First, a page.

Over the past twelve months, Swannie has been privileged (and pleasantly surprised), to meet three fathers and their sons whose motorcycles have nurtured both their personal relationships and those they have with their machines.

Richard (Andy’s father) has a rather long history with respect to riding motorcycles. “I was brought up on a farm in the foothills near Mt Somers. We had trail bikes which were primarily used to provide access for Dad and his stockmen to the more difficult areas in the backcountry. As a 10 or 11-year-old, I would also ride whatever bike was available at the time. I never got into motocross, just riding often difficult hill country and the inevitable gravel roads; many fond memories of tearing up the gorge roads! The first serious road riding I did was when I bought a BMW 650 Paris Dakar, and then I moved up to a BMW R1150 GS.” 

Handmade pipes

In contrast, Andy may seem a latecomer in the sense that when younger he spent a lot of time modifying pushbikes; then once working, he helped found the Quake City Rumblers. “I had rebuilt and modified many cars, and was also involved with the group of about three who introduced drift-triking to Christchurch.” At which point Swannie’s memory immediately rewinds to a day when he was riding over Banks Peninsula to visit Pete in Diamond Harbour. As he rode up the southern flank of Gebbies Pass, he noticed some distance ahead, a crazy dude sliding some plastic wheeled contraption at 80km/h into a sharp, steep downhill righthander! 

Unmistakably BMW

But for Andy, the QCR style simply spurred him on to want to build more motorcycles. “I started riding and modifying scooters and small bikes with QCR about 10 years ago, then 4 years ago I began working in the workshop of Bavarian Motorcycle Services. This involves repairs/rebuilds and maintenance of a variety of marques, but most commonly BMW. As a result, I then started looking for an air-head to rebuild and customise, this was reinforced by my boss Jim who described them as robust and reliable.”That said, this father/son relationship with motorcycles was probably given a nudge a little earlier when Richard was away from home working as a tour guide (these trips often lasting four or more weeks). Knowing that Richard’s birthday would occur not long after he returned home, Andy went around to his Dad’s garage and collected together a dismantled Postie bike (which Richard was in the process of customising) and then completed the bike as a birthday present for his Dad! In fact, as a result of the satisfaction associated with the completion of that project, Richard and Andy then set about building another Postie for Andy’s mum!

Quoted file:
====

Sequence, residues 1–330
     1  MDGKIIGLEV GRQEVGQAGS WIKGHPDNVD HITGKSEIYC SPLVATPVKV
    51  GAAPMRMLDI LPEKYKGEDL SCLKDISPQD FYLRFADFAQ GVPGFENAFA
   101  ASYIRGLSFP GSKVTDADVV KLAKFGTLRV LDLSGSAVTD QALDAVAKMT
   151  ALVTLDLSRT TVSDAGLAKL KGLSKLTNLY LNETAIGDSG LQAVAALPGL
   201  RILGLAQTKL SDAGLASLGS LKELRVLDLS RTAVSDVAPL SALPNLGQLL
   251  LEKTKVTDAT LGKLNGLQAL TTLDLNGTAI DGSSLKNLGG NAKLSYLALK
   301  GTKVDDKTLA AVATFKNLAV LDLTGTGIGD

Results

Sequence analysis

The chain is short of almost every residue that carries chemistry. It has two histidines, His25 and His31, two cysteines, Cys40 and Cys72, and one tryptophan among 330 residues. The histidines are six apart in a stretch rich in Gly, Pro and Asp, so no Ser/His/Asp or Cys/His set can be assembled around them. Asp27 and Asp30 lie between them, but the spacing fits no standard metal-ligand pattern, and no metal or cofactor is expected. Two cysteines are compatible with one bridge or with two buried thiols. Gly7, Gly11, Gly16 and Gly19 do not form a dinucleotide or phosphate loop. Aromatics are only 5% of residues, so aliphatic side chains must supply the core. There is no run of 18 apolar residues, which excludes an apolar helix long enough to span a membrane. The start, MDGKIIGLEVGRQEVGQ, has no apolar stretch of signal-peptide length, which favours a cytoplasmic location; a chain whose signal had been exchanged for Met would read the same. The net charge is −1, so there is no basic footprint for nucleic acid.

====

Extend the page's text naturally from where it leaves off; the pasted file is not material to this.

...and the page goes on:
Knowing Andy’s increasing knowledge and affection for BMW’s, Richard felt encouraged to search for and buy a decent ‘air-head’ which he could modify without going too extreme. To that end, he purchased a 1985 R80 RT which those familiar with that marque will know was a model with a cocoon-like fairing of substantial proportion. “I stripped the bike and then weighed the bits I wasn’t going to reuse. As a result, the bike had already shed 25kg; the bulk of that as a result of removing the fairing, but also included the seat cowling and tail section and side panels. The bike was mechanically very good. It hadn’t been over-worked, just looked tired.” 

Hidden wiring is a nice touch

The sub-frame and seat were purchased from a supplier in the UK. However, after a few rides, Richard was decidedly unhappy with the latter. “The seat was hard as hell, not helped by the fact that the pan in section was u-shaped; this meant the manufacturer was forced to use thin foam to keep the seat profile from being too thick. It was expensive and disappointingly, a shocker with respect to comfort! They had also used low-quality foam, so I had my upholsterer friend, Lewis Horrell in Ashburton rebuild it, now it is just as I wanted. After all, for me, BMW motorcycles are about riding in comfort, I’m well beyond being willing to sacrifice that for fashion.” 

Bright enough?

The headlight, indicators and a raft of other small fittings were purchased from Ellaspede in Brisbane. Andy observes, “We were returning from a family holiday in Bali and had a stopover in Brisbane. We knew about Ellaspede, so Dad and I made a compulsory visit. They have a huge array of ‘Posh’ replacement parts, Japanese and most manufactured from billet aluminium rather than plastic. Having gathered those bits together, it meant we could progress more quickly towards completing Dad’s bike.” 

Richard had already made the decision with respect to how he wanted the bike to look. “Basically, I wanted the bike to look as standard as possible without going overboard.” The rims are powder coated, and the guards have been cut and reshaped, the tank colour selected from a colour chart simply because Richard liked it and, wanted something different. Joe Barwick painted the panel work on both bikes, and Jonny at the Signlab did the stripes on Richard’s tank as a way of making it look less bulky. “I ride the bike whenever I can, but I’m away a lot with my work, and this tends to be concentrated in the warmer months. So rides happen when I’m home between jobs, just when the opportunity arises.”

Old meets new

As Andy has indicated, the build of his 1986 R65 was a longer (2 year) project, than Richard’s. He bought the bike when he was still on a motorcycle ‘L’ plate. “It had done 130,000 kays. I bought it from a guy in Timaru, and it was in good nick, running perfectly. When I rebuilt it, I checked the motor, replaced seals, new gaskets and clutch. Once back to the bare frame, I made the decision I didn’t want to build something that could be categorised. It had to not only look good but also be comfortable.”